Almost 20 years ago, Pope and Golub (2000) published their seminal work on teaching with technology in English language arts (ELA) classrooms in Contemporary Issues in Technology and Teacher Education Journal (CITE Journal). The purpose of this systematic literature review was to learn how subsequent research about ELA teaching with technology has taken up (or not) Pope and Golub’s ideas in CITE Journal since their initial publication. In addition, the authors were concerned with how articles about teaching and technology use have incorporated thinking about issues of access and equity to digital and online literacies in relationship to Pope and Golub’s principles. Findings of the review are presented and implications are offered for supporting teachers and educational researchers as they enact and study ELA teaching with technology to promote socially just classrooms.
This qualitative multicase analysis investigated the role of “educational niceness” and “neutrality” (e.g., Baptiste, 2008; Bissonnette, 2016) in preservice English teacher feedback on sociopolitical issues in student writing. As part of the field experiences for several ELA methods courses at two universities, one urban and one rural, the teacher-researchers used Google Docs and other technologies (e.g., screencasts and Google Community) to connect preservice teachers (PSTs) with high school writers at a geographical distance so that urban-situated PSTs could mentor rural-situated writers and vice versa. Five methods courses over two semesters served as cases, and 12 PSTs from those courses participated in focus groups. Data included audio recordings of nine focus groups and PSTs’ digital responses to student writing. Using thematic analysis, the authors explored how PSTs responded to sociopolitical perspectives in students’ writing — both engaging them and staying neutral. Although authentic opportunities for responding to student writers supported PSTs’ critical reflection on teaching writing, analysis of PSTs’ responses indicate that such authentic practice may not be sufficient for preparing PSTs to navigate sociopolitical issues and may, in fact, exacerbate PSTs’ impulse to enact educational niceness.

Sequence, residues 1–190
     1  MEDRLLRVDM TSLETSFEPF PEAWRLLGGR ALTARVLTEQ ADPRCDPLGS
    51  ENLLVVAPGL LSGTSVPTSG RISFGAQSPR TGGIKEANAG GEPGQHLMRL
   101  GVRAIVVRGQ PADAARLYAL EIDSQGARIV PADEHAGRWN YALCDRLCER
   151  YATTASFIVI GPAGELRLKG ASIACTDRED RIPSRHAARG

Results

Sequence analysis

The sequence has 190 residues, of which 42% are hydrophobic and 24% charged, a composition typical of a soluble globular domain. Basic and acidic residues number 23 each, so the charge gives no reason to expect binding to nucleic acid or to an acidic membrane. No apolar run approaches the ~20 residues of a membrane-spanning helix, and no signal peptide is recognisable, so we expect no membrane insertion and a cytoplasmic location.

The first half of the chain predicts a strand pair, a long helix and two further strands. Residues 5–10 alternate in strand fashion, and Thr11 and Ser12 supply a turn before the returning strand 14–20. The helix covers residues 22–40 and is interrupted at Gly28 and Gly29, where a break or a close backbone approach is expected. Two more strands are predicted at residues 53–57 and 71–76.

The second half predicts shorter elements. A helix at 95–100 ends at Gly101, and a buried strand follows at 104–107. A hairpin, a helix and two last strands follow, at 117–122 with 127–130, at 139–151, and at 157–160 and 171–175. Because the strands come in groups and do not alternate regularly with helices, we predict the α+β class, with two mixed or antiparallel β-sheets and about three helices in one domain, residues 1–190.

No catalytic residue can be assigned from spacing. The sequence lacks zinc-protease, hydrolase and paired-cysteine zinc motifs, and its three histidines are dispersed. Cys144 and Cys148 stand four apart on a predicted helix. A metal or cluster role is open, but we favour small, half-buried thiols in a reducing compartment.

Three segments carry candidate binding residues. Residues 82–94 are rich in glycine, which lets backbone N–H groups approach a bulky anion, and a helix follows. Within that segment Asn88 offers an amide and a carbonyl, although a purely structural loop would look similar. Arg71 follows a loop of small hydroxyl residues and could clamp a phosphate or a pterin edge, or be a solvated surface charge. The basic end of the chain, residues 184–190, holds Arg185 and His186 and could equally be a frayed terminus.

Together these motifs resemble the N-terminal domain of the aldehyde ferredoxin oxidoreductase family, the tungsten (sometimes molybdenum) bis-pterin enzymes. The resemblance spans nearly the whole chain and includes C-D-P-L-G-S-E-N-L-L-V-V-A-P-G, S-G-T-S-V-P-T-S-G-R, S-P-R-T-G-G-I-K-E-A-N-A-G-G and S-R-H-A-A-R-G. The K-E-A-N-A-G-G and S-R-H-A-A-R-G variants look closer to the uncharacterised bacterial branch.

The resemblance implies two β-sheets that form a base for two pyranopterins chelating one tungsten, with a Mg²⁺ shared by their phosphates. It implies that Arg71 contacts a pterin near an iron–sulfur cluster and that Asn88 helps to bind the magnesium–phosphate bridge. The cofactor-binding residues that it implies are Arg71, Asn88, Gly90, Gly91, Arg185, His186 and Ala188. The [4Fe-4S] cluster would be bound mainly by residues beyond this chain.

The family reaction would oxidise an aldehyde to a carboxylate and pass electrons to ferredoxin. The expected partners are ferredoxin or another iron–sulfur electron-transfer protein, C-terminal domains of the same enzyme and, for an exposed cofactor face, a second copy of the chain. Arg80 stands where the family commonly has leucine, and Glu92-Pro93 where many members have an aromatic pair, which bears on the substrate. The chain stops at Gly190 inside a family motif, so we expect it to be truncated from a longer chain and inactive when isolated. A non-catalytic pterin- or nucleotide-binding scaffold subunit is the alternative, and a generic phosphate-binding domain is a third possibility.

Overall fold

The Internet and other communication technologies can provide a powerful tool for social justice and civic action. These digital devices and social media have shown enormous potential by activists to mobilize the public, document their activities and the injustices they witness, and spread information to a wider audience. Individuals are often inspired to identify ways they can leverage digital technologies to work toward positive social change. The challenge is that youth are watching and learning from these events and texts as well. As youth utilize these digital, connected texts, educators need to know what makes their voices uniquely powerful. Perhaps more importantly, English language arts (ELA) educators need to consider ways in which they can bring these skills, practices, and texts into the classroom. This study examined how activists used digital, social technologies for the purposes of amplifying marginalized voices and enacting social change. Furthermore, the study explored how acts of digital activism can be leveraged to inform ELA teachers as they support inquiry, empathy, and connection in their classrooms. The findings identify opportunities for teachers to educate, empower, and advocate for youth as digitally literate citizens.